Executing a Command

  pid = fork {
    exec line

There are two important concepts here: fork and exec.

Calling fork creates an new process that's an exact copy of the current process. It gets a copy of everything in memory and all open file descriptors. Certain housekeeping data is copied over like process group id, session group id, etc., and the new process gets its own process id, but for all intents and purposes it's an exact copy. So fork gets us a new process where we will execute the command that came in from $stdin.

Notice that we pass a block to fork and store its return value. The block is passed to the newly created process. It runs that block and then exits. In the parent process the process id (pid) of the newly created process is returned from fork. More on that pid in the next section.

Calling exec transforms the current process into another one specified by the file passed as input. An example should clear this up, calling exec('ls') will transform the current Ruby process into an ls process. The transformation happens immediately so any code that you have after the exec will never be reached. exec is a no-looking-back kind of thing.

Try out exec('ls') in irb if you never have before. Notice that you get the output of ls and then you're back to the terminal. The irb process is gone, replaced entirely by ls. So when ls exited you're back to the shell.

The pattern we're using here, fork and exec is a common way to spawn commands. It's the method used by Ruby constructs like Kernel#system and Kernel#`. If we were to skip the fork and just call exec then the shirt process itself would be transformed and it would no longer be able to respond to input. Calling fork creates a new child process to be transformed into the necessary command.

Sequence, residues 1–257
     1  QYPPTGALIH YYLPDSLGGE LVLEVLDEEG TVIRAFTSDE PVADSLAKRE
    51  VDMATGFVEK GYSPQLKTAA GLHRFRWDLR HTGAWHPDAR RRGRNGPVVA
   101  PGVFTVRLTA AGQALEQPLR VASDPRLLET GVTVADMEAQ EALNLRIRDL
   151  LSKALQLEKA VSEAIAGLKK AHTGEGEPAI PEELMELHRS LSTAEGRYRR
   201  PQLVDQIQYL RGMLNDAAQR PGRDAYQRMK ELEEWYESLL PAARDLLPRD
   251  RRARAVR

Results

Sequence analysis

Waiting Patiently

  Process.wait pid

The last piece of the puzzle is Process.wait. Calling fork will return immediately. It creates a child process then returns context to the parent process. If we didn't wait for the child process to finish its work then we'd end up spawning multiple processes in parallel. In that case their input and output would be interleaved all over each other and it would be unclear which output is coming from which command. This keeps things usable and gives us a synchronous shell.

Process.wait is a blocking call that won't return until the process represented by the passed-in pid has exited. Using this ensures that our shell will only run one command at a time.

Some Chrome

Before we end this first article let's give our shell a bit of chrome so we can recognize the prompt.

#!/usr/bin/env ruby

$stdout.print '-> '

$stdin.each_line do |line|
  pid = fork {
    exec line

  Process.wait pid
  $stdout.print '-> '

Now when you run the shell you get a simple prompt before each command so you can tell which lines are output and which lines are input.

Just the Start

There's still lots of ways to break the shell. Did you try using cd? How about going back in history?

There's still lots of missing features, and since the shell is actually running inside another instance of a shell it's getting some features for free.

Next up, in part 2 we launch shirt outside the context of another shell and implement some built-in commands.

Grab the source on Github.

For a more thorough, Ruby-centric introduction to Unix programming basics, check out Working With Unix Processes.